1. create the actual attribute, somewhere next to a similar attribute or after the previous OID, in this case we created an attributed called mailPassword right after rtcPassword, since other passwords were also grouped there:

    attributetype (
           NAME 'mailPassword'
           DESC 'mail password for SMTP'
           EQUALITY octetStringMatch
           SYNTAX )
  2. finally, the new attribute needs to be added to the objectclass. in our example, the field was added alongside the other password fields in the debianAccount objectclass, which looked like this after the change:

    objectclass (
        NAME 'debianAccount'
        DESC 'Abstraction of an account with POSIX attributes and UTF8 support'
        SUP top AUXILIARY
        MUST ( cn $ uid $ uidNumber $ gidNumber )
        MAY ( userPassword $ loginShell $ gecos $ homeDirectory $ description $ mailDisableMessage $ sudoPassword $ webPassword $ rtcPassword $ mailPassword $ totpSeed ) )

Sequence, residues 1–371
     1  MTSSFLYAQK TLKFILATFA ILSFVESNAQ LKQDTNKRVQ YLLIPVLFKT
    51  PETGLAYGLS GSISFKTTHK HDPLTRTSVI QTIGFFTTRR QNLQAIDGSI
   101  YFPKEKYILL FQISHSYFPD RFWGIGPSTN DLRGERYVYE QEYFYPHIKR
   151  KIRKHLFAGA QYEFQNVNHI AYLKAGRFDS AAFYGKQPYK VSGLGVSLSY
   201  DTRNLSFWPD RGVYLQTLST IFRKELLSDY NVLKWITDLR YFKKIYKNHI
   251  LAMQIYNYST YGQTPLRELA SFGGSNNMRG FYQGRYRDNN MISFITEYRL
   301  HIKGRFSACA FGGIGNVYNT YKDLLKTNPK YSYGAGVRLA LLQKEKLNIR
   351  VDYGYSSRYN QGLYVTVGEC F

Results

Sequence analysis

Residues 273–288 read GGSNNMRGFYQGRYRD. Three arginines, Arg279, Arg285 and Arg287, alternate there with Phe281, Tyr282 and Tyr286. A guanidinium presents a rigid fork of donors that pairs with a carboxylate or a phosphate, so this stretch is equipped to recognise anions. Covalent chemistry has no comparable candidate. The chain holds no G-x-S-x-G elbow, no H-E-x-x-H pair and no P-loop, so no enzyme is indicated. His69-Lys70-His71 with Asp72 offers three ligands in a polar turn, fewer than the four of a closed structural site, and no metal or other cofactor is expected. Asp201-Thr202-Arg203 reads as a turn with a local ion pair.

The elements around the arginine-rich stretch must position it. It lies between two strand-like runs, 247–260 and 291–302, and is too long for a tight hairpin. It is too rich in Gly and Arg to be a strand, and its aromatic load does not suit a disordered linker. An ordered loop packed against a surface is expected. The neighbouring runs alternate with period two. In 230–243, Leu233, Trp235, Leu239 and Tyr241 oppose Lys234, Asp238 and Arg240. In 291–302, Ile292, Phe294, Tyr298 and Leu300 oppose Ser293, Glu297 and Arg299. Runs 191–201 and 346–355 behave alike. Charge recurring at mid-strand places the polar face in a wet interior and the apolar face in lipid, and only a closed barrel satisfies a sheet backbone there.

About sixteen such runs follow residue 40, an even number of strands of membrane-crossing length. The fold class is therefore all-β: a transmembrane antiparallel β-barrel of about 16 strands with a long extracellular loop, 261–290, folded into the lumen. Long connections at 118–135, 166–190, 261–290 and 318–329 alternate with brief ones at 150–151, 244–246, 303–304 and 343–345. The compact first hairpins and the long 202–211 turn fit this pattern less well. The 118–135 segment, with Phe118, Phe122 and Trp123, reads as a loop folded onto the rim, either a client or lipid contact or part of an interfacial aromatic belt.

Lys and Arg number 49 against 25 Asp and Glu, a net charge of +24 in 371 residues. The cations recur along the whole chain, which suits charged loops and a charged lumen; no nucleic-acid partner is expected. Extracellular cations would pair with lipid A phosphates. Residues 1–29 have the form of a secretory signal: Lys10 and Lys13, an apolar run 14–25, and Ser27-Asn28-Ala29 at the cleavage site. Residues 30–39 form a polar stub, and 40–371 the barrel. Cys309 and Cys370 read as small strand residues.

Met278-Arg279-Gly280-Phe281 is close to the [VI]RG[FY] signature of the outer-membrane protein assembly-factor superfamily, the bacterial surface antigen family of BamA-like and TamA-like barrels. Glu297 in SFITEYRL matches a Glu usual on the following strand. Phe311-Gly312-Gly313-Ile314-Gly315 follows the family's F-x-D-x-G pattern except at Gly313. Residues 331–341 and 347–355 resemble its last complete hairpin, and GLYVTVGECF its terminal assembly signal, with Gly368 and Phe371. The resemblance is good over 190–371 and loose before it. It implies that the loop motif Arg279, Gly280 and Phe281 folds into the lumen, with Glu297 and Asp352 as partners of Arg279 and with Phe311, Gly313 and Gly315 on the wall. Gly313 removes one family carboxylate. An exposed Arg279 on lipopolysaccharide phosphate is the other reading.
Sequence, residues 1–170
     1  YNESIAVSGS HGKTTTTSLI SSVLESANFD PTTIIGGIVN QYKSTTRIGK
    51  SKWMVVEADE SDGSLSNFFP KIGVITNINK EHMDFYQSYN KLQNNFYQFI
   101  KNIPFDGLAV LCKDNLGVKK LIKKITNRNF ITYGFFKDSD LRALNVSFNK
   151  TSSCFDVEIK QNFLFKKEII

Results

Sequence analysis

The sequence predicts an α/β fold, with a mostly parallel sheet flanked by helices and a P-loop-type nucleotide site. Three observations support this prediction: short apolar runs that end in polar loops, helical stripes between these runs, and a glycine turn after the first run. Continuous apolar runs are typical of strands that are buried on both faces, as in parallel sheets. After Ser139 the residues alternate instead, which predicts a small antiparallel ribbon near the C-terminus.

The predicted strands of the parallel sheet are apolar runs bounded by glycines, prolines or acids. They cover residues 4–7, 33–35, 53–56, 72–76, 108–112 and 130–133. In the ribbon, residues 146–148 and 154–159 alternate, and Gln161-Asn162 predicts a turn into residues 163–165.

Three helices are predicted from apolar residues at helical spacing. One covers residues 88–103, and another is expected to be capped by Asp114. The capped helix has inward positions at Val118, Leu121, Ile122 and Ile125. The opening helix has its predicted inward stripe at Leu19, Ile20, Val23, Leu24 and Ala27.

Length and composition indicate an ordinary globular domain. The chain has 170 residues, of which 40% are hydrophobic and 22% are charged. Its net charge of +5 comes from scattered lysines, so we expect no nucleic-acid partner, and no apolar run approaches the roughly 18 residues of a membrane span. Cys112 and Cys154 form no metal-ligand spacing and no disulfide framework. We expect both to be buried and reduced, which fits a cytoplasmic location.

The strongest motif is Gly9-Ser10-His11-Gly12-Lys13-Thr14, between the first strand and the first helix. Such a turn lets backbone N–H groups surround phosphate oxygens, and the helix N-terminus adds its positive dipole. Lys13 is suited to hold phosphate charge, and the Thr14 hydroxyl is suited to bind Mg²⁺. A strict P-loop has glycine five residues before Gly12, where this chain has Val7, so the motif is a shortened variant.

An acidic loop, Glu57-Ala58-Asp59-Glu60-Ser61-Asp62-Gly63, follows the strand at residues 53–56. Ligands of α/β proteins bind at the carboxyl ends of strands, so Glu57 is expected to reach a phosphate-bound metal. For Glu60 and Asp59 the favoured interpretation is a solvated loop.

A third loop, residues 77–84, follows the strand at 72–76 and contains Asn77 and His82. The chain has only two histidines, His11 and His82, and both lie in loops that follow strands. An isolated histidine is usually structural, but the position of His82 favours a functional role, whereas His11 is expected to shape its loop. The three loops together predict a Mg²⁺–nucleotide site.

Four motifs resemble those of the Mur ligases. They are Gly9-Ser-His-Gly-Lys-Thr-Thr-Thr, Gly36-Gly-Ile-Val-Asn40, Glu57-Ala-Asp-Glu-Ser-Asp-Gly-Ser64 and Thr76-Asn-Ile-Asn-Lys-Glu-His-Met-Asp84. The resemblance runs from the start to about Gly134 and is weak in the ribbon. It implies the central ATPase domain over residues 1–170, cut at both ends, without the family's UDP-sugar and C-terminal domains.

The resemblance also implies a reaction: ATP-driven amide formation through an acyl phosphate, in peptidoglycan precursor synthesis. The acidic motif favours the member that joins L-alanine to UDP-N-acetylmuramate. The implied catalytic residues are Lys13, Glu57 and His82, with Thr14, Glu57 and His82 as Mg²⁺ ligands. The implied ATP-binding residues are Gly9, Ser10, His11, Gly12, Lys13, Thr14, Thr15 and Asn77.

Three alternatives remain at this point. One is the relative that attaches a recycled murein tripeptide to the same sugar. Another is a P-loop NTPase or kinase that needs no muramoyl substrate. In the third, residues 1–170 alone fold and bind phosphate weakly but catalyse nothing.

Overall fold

Once that schema file is propagated to the LDAP server, this should automatically be loaded by slapd when it is restarted (see below). But the ACL for that field should also be modified. In our case, we had to add the mailPassword field to two ACLs:

--- a/userdir-ldap-slapd.conf.in
+++ b/userdir-ldap-slapd.conf.in
@@ -54,7 +54,7 @@ access to attrs=privateSub
        by * break

 # allow users write access to an explicit subset of their fields
-access to attrs=c,l,loginShell,ircNick,labeledURI,icqUIN,jabberJID,onVacation,birthDate,mailDisableMessage,gender,emailforward,mailCallout,mailGreylisting,mailRBL,mailRHSBL,mailWhitelist,mailContentInspectionAction,mailDefaultOptions,facsimileTelephoneNumber,telephoneNumber,postalAddress,postalCode,loginShell,onVacation,latitude,longitude,VoIP,userPassword,sudoPassword,webPassword,rtcPassword,bATVToken